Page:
I'm not even sure that a page that pulls partial content from other pages is considered duplication. I'm sure duplication acts when the same page is replicated (see the examples here), I'm less sure when a piece of it is present across multiple pages, otherwise... sidebars and footers wouldn't be duplicated content as well no?

Tag/category pages are considered duplicate content, so I'm assuming that this is the same, just in the other direction - the single page is a duplicate of the aggregate page.

Keeping the page, would allow theme authors to have simple setups where a page can show title and excerpt in home, and then link to the same page.

Yup, I can see that being a potential use case. Though, then we have to look at the menu UI - how do we distinguish linking to the section on the front page, versus linking to the page?

And maybe even users would be surprised the page used in the homepage now disappeared entirely? How do we clarify that behaviour?

I'm okay with a little bit of user surprise, as long as the outcome makes sense, and the behaviour is consistent after that.

But if a section of the front page is removed from the front page (remaining as a standalone page), the link from the menu will automatically direct to the standalone page, instead of the front page.

This automation seems a bit of an edge case to me: a menu that leads somewhere else is likely very distinct, both design and code wise, from an in-page menu.

I agree that this example in an edge case, it wasn't a particularly good example. :-)

How about this: when you're initially setting up the feature, and decide to add /about/ as a section to your front page - do you want the menu to continue to send visitors to /about/, or to /#about?

If we figure out how to make this work on all themes, isn't it better to always direct to /#about, even when changing themes, effectively making /#about the new canonical URI?

@pento
8 months ago

#131 @pento
8 months ago

In 37974.10.diff

  • Remove the requirement for themes to add_theme_support( 'front-page-sections' ). This now works with any theme that uses a standard loop.
  • Move the front_page_sections setting storage from a theme mod to an option.
  • Add a front_page_sections_post_types filter, as the theme support parameter can't be used for customising the post types list.
  • When in the_loop() for a static front page with sections, the_post() will now output <a id="about.foo"/>. This is obviously a big change, it will also be hidden behind the WP_Query arg I mentioned in 117.
  • get_front_page_section_url() now returns /#about.foo as a redirect for /about/foo/.
  • Added a "Front Page Section" post state to the post list table.

Side note: I didn't add support for redirecting old post slugs, because we don't do that for hierarchical post types. If we do decide to go ahead with the redirect, we'll need to add that for non-hierarchical post types.

#132 @celloexpressions
8 months ago

Themes that aren't designed to take advantage of this shouldn't support it. Unless the current theme does something to present multiple sections in a particular way, showing multiple pages on a single page is likely to not look good in many themes. And it shouldn't be necessary to deconstruct all of the front page sections when previewing a theme that isn't designed for it, then switch back to a theme that intends for it to be used and re-add everything.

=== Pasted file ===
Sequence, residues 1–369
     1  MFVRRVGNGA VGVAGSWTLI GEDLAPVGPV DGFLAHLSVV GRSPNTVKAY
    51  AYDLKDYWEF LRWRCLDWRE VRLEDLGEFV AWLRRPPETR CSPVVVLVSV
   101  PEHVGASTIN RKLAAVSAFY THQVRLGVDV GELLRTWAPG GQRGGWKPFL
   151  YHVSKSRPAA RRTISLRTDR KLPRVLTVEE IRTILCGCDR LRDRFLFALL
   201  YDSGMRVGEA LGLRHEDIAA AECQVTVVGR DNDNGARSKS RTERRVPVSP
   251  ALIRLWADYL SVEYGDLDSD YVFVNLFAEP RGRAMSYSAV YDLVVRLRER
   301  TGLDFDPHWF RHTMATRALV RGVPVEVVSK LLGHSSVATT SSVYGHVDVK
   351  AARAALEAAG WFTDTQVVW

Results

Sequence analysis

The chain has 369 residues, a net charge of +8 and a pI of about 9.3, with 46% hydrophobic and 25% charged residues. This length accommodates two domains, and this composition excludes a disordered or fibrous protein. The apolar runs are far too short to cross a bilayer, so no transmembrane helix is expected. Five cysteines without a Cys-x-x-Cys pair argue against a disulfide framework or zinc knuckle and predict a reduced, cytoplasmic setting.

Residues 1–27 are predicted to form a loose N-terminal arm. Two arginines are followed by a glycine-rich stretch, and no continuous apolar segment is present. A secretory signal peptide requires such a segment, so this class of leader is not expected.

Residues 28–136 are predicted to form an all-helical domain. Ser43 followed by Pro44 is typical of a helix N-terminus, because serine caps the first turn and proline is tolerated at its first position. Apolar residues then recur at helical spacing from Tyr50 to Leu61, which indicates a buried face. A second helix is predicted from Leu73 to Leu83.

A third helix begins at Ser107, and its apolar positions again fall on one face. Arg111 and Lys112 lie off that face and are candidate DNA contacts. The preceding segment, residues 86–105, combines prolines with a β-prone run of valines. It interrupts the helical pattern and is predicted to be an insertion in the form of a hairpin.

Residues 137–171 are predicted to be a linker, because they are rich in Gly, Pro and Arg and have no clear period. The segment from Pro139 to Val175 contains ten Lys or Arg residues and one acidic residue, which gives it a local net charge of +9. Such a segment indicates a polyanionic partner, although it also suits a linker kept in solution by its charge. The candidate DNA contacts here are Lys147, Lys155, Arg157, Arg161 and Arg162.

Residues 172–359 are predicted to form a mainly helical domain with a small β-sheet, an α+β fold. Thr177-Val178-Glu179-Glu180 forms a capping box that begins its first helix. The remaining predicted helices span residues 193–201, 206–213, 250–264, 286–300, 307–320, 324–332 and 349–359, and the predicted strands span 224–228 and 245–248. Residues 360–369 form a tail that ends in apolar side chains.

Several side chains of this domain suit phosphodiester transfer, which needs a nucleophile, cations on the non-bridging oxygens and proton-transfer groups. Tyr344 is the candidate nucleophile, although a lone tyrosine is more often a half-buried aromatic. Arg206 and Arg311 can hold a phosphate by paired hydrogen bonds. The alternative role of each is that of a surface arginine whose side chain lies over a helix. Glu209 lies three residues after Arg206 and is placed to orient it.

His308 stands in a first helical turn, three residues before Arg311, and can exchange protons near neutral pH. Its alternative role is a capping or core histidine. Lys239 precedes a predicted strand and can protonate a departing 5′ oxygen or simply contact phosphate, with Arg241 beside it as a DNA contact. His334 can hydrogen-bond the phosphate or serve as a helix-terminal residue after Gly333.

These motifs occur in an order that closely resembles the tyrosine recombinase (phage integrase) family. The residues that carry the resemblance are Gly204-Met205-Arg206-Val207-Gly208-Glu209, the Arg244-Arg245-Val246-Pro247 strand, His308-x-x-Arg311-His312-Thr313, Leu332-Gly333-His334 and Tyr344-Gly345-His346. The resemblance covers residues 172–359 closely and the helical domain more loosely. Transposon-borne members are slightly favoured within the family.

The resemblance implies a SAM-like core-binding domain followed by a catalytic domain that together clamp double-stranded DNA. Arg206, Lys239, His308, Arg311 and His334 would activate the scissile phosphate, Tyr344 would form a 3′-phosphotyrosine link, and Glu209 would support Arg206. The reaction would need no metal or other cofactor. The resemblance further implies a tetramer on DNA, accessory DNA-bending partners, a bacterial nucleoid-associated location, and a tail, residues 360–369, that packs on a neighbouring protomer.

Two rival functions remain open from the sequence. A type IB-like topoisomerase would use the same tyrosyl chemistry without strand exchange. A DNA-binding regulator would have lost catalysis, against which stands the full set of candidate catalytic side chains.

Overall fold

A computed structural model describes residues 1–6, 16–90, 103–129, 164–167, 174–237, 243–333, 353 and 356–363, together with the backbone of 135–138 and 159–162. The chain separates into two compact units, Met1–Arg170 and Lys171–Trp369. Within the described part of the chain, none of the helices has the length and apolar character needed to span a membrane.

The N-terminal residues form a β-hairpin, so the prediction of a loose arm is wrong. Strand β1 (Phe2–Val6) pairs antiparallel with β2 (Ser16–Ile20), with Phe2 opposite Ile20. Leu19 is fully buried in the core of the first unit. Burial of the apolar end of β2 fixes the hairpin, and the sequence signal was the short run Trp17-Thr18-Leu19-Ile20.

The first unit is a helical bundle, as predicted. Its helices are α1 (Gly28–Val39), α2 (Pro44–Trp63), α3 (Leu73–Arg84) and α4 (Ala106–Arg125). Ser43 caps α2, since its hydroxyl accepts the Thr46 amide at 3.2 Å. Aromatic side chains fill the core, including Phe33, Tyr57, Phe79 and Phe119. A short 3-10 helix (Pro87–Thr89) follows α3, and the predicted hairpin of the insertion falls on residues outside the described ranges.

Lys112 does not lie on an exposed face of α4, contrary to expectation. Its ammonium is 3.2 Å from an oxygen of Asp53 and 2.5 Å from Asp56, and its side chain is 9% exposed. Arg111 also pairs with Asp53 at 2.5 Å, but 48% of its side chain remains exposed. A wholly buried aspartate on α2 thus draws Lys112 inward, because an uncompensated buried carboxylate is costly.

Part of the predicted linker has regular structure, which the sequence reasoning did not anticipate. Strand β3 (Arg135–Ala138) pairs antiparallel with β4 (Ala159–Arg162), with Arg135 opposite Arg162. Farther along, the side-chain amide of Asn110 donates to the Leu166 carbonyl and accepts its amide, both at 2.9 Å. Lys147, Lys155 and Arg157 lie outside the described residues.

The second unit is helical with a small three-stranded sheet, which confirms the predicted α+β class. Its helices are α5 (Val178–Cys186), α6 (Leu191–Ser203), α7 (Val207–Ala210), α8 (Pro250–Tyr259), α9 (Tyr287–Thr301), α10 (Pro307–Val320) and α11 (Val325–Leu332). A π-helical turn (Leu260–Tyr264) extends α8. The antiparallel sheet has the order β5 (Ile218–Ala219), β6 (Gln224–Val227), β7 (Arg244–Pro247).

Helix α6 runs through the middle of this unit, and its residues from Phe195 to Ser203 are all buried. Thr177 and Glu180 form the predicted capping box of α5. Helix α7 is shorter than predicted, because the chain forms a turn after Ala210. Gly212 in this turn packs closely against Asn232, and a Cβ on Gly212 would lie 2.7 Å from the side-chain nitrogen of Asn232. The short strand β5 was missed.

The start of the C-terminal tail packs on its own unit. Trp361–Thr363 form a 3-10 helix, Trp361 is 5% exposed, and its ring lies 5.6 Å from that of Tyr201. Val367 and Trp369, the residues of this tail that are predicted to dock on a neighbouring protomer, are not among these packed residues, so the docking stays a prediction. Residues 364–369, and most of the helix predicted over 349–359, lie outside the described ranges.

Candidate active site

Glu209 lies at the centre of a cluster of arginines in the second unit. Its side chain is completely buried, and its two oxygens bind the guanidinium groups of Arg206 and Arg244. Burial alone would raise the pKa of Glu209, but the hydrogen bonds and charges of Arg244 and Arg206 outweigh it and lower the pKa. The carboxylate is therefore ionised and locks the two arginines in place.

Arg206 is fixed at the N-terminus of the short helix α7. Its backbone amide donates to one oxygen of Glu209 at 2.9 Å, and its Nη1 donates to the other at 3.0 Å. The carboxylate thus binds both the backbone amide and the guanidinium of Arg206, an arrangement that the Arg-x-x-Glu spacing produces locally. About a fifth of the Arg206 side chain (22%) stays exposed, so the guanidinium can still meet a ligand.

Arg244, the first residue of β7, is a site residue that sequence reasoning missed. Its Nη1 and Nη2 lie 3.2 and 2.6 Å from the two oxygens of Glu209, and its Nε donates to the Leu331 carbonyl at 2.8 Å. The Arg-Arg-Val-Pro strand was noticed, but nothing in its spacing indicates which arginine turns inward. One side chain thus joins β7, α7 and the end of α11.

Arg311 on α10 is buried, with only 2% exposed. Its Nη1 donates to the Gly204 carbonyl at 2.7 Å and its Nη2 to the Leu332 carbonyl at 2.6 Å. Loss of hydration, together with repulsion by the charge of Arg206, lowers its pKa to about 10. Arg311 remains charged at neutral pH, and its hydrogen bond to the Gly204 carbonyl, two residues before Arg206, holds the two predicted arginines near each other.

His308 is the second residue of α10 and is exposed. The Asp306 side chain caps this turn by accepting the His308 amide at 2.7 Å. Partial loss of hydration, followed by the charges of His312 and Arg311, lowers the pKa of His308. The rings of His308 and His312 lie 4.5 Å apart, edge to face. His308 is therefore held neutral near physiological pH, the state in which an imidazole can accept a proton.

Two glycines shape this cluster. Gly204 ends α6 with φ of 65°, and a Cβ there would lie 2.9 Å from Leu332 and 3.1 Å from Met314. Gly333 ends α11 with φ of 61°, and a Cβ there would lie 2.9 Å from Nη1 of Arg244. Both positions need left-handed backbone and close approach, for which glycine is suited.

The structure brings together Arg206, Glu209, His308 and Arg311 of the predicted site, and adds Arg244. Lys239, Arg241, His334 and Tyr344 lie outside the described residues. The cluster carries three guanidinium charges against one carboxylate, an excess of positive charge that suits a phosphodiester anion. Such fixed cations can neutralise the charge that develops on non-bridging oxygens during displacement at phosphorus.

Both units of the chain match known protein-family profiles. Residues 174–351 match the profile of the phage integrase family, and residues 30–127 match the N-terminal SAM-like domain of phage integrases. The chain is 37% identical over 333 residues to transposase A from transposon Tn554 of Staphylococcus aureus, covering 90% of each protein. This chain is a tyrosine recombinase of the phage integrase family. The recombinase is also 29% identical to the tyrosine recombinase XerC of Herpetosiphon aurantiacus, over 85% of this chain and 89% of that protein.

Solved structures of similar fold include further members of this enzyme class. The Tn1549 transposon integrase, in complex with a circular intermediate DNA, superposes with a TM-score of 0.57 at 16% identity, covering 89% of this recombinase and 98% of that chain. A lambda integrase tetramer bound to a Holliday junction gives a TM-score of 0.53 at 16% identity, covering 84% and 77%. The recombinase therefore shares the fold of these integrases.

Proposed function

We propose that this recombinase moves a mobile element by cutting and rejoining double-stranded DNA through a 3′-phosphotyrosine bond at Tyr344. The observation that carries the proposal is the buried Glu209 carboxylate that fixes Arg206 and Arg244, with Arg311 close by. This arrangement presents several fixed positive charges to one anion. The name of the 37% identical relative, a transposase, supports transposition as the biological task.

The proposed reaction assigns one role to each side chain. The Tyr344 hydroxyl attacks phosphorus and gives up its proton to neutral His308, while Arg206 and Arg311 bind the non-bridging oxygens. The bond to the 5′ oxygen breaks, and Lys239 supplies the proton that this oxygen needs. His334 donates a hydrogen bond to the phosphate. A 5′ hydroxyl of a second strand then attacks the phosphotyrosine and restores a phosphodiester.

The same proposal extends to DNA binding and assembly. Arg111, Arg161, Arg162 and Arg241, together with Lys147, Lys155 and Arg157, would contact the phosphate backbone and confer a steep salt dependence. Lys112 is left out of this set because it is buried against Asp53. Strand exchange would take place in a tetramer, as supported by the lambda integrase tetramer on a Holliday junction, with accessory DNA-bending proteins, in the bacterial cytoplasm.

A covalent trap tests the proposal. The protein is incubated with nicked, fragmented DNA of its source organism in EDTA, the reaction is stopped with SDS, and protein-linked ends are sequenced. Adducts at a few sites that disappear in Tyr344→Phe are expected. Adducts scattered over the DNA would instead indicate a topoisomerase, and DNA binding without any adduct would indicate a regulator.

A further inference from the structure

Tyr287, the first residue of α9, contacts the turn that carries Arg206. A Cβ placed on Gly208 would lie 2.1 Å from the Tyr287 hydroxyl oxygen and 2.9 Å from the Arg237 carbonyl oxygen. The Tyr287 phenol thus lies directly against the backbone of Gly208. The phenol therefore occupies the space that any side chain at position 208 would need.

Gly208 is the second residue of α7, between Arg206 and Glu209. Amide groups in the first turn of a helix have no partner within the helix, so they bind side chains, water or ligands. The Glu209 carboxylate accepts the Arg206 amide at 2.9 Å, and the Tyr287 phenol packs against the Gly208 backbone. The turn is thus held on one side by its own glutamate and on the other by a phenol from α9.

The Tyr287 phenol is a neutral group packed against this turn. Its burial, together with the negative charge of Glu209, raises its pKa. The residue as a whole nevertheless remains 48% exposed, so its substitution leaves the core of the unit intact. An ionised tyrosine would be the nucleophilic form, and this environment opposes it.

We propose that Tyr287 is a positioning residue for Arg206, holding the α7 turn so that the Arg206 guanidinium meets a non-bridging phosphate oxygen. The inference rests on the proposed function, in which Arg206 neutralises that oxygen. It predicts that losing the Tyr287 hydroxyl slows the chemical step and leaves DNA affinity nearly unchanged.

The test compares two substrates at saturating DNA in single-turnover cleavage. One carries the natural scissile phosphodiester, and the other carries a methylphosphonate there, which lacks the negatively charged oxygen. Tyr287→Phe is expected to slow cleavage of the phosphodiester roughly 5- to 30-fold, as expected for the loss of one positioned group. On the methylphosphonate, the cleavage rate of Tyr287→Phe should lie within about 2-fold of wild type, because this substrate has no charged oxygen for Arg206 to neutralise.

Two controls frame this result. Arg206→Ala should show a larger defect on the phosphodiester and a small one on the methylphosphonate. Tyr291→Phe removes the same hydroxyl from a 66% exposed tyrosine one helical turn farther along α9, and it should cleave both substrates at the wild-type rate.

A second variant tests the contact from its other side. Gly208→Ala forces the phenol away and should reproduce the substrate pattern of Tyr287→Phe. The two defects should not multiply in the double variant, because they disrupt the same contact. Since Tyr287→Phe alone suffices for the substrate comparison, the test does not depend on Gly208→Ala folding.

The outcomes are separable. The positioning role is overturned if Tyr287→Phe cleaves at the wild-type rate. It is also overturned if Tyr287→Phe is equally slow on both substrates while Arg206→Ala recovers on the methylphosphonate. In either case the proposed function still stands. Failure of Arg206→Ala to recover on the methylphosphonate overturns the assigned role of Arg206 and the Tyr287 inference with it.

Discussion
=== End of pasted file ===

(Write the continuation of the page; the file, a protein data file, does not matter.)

Will a significant percentage of sites want this regardless of the theme? Will a significant percentages of themes want to support this?

#133 @bradyvercher
8 months ago

In 37974.11.diff

  • Updates _get_page_link() to handle front page section URLs. This allows slugs to be edited in the Pages list table and on the Edit Page screen.
  • Updates get_sample_permalink() to replace the slashes with a dot in sample permalinks.
  • Removes get_front_page_section_url(). Everything should be handled by calling get_permalink() now.
  • Removes the custom AJAX callback and updates wp_ajax_find_posts() to return JSON when format=json is passed.
  • Updates is_front_page_section() to use get_option( 'front_page_sections' ).
  • Adds an explicit closing tag to the anchor introduced in 37974.10.patch. The self-closing tag was wrapping the entire post in Twenty Eleven and it doesn't look like browsers handle it very well for non-void elements.
  • Changes the l10n argument on the control to labels.

I imagine we should probably exclude the page for posts from being switched to the hash variant?

#134 @NateWr
8 months ago

I think that many of the concerns Helen raises regarding the relationship between a Page and it's Sections (page slugs, indicating the relationship in the admin list of pages, how menu links work, how page slug changes effect how menus work, etc) are much easier to resolve if we stick to using child pages of the Front Page as sections. I'm still not sure why this was rejected before. It reduces much of the confusion about how a Page Section should exist beyond the Page it's on, and the Pages admin list table already displays the relationship.

On a separate note, some thinking still needs to happen about how this feature is encountered on a fresh install. Each mockup and demo so far has assumed that there already exist multiple pages in the system. But an initial install only adds the Sample Page. Once this is set to the Front Page, there are no more pages which can be located and added. This means that many people's first encounter with this feature will be to click the Add Sections button, open the search panel and be presented with 0 results. I think there needs to be something here which helps users understand what they're looking at.